How the Mail chartered the progress of women's rights over 125 years

We will get the vote! Victory for the Suffragettes, the first IVF birth, and the reinvention of the housewife… how the Mail chartered the progress of women’s rights over 125 years

From launch day onwards, women have been at the beating heart of the Daily Mail and what it stands for. Our first edition featured a dedicated women’s page, despite the sneers of rival publications.

And reporting of female issues throughout the past 125 years of our history has reflected not only society’s attitude but the changing face of women.

Women have always made up the largest slice of our readers – and have been among our bravest and finest writers and contributors. It was surely no accident that one of the paper’s great advertising slogans was: ‘Every woman needs her Daily Mail.’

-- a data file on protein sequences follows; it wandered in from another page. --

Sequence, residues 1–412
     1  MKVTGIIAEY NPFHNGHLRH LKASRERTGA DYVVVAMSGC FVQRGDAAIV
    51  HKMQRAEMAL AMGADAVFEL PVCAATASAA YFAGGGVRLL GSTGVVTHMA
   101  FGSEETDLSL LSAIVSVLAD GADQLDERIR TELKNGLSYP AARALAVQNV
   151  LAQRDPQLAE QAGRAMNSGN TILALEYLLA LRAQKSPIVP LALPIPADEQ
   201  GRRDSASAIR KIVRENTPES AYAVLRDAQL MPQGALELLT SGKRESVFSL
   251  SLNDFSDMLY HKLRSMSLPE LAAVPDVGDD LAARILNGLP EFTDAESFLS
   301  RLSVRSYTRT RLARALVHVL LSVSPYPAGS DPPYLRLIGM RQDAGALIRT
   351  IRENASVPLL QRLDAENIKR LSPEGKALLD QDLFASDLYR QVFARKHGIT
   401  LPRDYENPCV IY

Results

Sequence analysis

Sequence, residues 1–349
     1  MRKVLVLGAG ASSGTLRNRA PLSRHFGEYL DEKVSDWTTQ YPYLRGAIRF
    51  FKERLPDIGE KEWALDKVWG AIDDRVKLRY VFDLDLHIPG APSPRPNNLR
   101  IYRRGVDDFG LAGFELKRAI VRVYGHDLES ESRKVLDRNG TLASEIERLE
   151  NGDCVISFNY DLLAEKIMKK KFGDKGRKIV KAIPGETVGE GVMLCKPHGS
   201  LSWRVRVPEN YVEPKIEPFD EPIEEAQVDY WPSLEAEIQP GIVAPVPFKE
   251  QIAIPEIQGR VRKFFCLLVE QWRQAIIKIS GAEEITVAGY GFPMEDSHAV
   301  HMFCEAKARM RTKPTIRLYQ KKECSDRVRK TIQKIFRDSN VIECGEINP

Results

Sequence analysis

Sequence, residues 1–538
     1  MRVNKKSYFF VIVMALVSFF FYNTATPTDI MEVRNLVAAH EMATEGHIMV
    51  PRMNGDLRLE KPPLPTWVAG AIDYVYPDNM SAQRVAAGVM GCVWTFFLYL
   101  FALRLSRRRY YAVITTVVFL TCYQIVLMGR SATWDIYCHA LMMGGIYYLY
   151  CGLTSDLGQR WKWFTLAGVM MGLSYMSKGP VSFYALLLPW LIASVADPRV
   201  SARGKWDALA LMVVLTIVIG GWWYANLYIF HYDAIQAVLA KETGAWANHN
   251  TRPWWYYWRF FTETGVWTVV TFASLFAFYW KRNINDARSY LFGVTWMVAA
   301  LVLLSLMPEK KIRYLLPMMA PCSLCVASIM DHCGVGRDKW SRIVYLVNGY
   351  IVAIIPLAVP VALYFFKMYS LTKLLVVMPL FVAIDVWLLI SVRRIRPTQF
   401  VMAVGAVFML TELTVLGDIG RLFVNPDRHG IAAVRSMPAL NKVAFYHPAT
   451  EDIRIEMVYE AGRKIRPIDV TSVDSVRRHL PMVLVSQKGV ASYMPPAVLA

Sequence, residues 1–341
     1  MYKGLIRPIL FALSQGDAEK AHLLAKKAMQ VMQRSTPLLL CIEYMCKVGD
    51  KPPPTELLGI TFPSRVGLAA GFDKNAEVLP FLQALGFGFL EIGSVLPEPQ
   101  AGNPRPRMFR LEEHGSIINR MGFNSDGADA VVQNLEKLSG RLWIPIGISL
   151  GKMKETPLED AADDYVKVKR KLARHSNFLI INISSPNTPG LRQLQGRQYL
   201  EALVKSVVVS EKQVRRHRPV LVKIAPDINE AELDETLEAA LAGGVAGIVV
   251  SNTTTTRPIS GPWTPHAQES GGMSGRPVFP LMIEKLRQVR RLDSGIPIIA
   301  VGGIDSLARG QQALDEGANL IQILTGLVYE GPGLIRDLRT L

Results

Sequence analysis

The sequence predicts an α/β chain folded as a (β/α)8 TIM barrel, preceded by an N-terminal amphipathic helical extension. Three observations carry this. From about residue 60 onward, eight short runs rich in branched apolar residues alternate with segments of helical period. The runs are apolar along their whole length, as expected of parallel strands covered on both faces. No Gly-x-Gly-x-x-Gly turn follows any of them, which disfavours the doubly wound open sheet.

Over the past week we have been celebrating our landmark anniversary with special pull-outs. Today, it is the role women have played in making the news and reporting it. Their stories are threaded through the fabric of the paper, but we are presenting them afresh with modern headlines and coloured photographs, as we would today.

In 1900 we sent a woman to war – Lady Sarah Watson, an aunt of Winston Churchill, reporting from the besieged town of Mafeking during the Boer War. We sympathetically covered the rise of the Suffragettes with their demand for votes for women, cheered the first female cross-Channel swimmer (a teenage American), asked whether the corset should be abolished and stood at the forefront of the equal pay for equal work campaign.

We championed Margaret Thatcher, our first female prime minister, and in 1978 we revealed the story of the birth of Louise Brown – Britain’s first test-tube baby – as a scientific breakthrough that gave childless couples hope. And in Lynda Lee-Potter we had quite simply the finest woman columnist of her and any era.



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